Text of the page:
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Life, love and Sarajevo

by Shereen Ahmed Rafea November 5, 2013
Life, love and Sarajevo

A Bosnian refugee brings with him his habits, thoughts and ideologies and struggles to make them fit into the western world. Aleksandar Hemon wanders two cities with his memories, filled with questions.

A non-fiction account of his life, Aleksandar Hemon considers the psychology of refugees, and the balance one has to make in order to start anew.

Hemon grew up in Sarajevo, hanging out with his “raja” group, living with his parents and sister, and loving the city with all its complexity. Hemon writes about his life in a stunning new memoir titled The Book of My Lives, his first attempt at non-fiction.

Published earlier this year, the book consists of a collection of essays, most of which were previously published in The New Yorker. Hemon infuses these essays with emotional insight and sharp observations, combined with diverse memories.

Hemon doesn’t stick to a specific timeline. Instead, he moves backwards and forwards in time; in one instance he highlights the structure of Sarajevo’s neighborhoods, in another he relates childhood memories. He speaks about his family life, about war, immigration and political rebellion. These diverse essays fit together to complete the puzzle on how he views his life.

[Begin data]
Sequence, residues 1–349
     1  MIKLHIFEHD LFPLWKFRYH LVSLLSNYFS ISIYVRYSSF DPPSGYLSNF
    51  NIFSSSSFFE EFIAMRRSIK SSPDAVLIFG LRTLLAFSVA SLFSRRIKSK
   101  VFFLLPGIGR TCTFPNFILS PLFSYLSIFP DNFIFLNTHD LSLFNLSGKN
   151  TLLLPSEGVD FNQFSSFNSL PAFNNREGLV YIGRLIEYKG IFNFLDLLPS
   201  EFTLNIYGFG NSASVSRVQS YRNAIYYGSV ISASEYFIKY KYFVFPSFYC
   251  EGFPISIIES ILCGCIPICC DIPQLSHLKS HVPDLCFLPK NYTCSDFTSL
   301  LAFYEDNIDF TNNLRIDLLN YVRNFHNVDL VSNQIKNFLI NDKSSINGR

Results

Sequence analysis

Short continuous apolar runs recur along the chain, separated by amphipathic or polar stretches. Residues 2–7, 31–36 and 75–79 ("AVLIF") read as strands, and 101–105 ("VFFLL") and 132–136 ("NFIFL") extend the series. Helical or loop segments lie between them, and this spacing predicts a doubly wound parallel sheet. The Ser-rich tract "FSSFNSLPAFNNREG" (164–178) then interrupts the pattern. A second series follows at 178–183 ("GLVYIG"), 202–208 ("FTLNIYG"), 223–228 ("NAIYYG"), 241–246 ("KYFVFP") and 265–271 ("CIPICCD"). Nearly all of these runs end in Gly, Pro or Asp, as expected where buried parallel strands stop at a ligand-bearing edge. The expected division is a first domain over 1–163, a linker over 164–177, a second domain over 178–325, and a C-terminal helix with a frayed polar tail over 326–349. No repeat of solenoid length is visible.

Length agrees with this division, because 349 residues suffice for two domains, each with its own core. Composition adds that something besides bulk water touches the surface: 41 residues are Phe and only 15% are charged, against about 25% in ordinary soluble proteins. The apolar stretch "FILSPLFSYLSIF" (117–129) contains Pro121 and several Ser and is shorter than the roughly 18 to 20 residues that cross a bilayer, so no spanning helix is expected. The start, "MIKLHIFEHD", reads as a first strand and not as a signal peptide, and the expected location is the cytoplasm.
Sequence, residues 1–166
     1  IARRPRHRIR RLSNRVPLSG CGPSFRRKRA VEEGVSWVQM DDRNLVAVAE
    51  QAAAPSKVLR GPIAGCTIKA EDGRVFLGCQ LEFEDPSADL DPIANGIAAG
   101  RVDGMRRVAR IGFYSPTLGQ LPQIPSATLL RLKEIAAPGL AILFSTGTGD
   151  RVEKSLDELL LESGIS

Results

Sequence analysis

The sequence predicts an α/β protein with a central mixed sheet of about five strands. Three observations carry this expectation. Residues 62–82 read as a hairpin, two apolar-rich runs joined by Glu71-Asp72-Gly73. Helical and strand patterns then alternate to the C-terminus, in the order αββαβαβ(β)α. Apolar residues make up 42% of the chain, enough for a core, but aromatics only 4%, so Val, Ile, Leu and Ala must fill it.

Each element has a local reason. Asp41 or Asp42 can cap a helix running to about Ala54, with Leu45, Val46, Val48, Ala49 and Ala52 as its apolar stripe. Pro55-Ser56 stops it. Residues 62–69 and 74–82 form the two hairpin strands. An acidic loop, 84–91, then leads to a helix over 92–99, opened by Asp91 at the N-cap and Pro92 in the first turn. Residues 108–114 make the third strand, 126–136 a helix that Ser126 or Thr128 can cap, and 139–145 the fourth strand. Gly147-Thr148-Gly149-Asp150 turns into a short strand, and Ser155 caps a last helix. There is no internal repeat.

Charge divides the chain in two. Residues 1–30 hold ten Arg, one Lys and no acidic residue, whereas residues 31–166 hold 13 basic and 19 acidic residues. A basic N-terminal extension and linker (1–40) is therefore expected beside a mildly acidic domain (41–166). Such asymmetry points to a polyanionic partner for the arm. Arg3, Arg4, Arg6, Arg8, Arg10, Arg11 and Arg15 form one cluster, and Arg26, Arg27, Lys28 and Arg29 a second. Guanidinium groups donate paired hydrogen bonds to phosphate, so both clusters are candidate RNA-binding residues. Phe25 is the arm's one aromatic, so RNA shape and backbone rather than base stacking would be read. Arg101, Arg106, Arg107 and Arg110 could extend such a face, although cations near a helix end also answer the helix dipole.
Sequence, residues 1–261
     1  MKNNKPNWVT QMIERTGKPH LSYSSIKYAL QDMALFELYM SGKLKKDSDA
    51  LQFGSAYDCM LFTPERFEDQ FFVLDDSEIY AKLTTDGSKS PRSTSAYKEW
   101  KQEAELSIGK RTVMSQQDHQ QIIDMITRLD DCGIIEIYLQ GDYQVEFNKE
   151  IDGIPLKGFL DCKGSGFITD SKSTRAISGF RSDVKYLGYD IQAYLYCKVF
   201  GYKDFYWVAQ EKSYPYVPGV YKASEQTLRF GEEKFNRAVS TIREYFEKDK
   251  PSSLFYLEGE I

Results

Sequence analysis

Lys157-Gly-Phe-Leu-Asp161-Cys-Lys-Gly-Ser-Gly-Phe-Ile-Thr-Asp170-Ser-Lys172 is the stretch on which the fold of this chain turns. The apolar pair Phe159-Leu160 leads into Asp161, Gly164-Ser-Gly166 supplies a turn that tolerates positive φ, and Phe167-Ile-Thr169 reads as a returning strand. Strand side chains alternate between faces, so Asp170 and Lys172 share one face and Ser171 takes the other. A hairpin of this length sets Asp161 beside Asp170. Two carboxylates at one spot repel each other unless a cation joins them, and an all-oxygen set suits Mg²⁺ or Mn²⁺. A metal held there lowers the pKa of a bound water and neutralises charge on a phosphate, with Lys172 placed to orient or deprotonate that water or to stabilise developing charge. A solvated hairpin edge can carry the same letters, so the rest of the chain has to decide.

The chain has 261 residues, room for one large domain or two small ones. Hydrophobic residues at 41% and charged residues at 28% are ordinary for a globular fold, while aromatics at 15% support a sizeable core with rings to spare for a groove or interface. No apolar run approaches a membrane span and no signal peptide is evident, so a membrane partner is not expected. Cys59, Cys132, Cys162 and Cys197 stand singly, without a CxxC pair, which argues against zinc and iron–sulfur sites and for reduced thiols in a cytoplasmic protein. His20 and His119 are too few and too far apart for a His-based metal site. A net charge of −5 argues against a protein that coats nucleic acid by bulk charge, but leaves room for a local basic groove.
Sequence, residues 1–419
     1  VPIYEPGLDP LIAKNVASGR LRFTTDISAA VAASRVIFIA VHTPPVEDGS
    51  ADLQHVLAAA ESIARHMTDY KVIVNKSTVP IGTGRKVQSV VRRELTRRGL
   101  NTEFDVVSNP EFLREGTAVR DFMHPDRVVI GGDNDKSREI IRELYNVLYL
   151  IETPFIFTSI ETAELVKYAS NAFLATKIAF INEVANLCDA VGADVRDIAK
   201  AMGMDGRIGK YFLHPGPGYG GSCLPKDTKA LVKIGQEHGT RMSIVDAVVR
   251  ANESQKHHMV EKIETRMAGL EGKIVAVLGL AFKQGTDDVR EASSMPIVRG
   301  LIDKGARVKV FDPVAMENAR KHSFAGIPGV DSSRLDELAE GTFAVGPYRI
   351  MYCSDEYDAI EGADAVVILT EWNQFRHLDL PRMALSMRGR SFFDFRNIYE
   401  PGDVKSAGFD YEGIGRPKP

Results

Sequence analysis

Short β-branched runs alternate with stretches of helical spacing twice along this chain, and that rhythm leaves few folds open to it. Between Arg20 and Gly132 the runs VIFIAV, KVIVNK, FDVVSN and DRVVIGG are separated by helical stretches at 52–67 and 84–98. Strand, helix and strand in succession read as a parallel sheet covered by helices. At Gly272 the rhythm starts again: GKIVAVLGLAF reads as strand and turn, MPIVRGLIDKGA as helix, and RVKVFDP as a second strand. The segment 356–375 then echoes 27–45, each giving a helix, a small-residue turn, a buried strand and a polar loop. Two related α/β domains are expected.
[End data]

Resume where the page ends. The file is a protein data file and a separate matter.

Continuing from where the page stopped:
He recalls innocently calling a boy “Turk” at a birthday party, not knowing what it means. To his shock, the boy, a Bosnian Muslim, burst into tears. This experience introduced him to the racial tensions that plagued his hometown.

Hemon was in Chicago when the war broke out, and became stranded in the United States as a result. He uses this background to describe feelings of loneliness in a new town and his slow process of adapting. He is a wanderer and makes Chicago his home by familiarizing himself with every nook and cranny of the neighbourhood. He never lost touch with his Bosnian roots and went back to visit, describing the difficulty of seeing a city that is not yours anymore.

His writing is elegant, seamless and mixes humor with raw emotions. The tales jump from a family dog Hemon acquired, to Bosnian food and culture, to his writing endeavors. His descriptions make you smell the cuisine and empathize with a population who endured a traumatic war.

The saddest essay is about the death of his young daughter from cancer. It is a tearful recollection of an unexpected tragedy and a family dealing with a void in their hearts.

Although his previous books, such as The Lazarus Project and The Question of Bruno, were fiction, Hemon establishes himself as a strong contender in the non-fiction genre.

His memoir is an honest account of his upbringing and his current life. Hemon’s memories that shaped his identity as a Bosnian-American are raw, insightful, funny, and sad at the same time. His hometown of Sarajevo becomes intriguing as a city, and the image of its people transcends the war horrors flashing on the television screen.

He has penned a total of five books and written many stories for The New Yorker making it hard to believe that Hemon learned most of his English as an adult.

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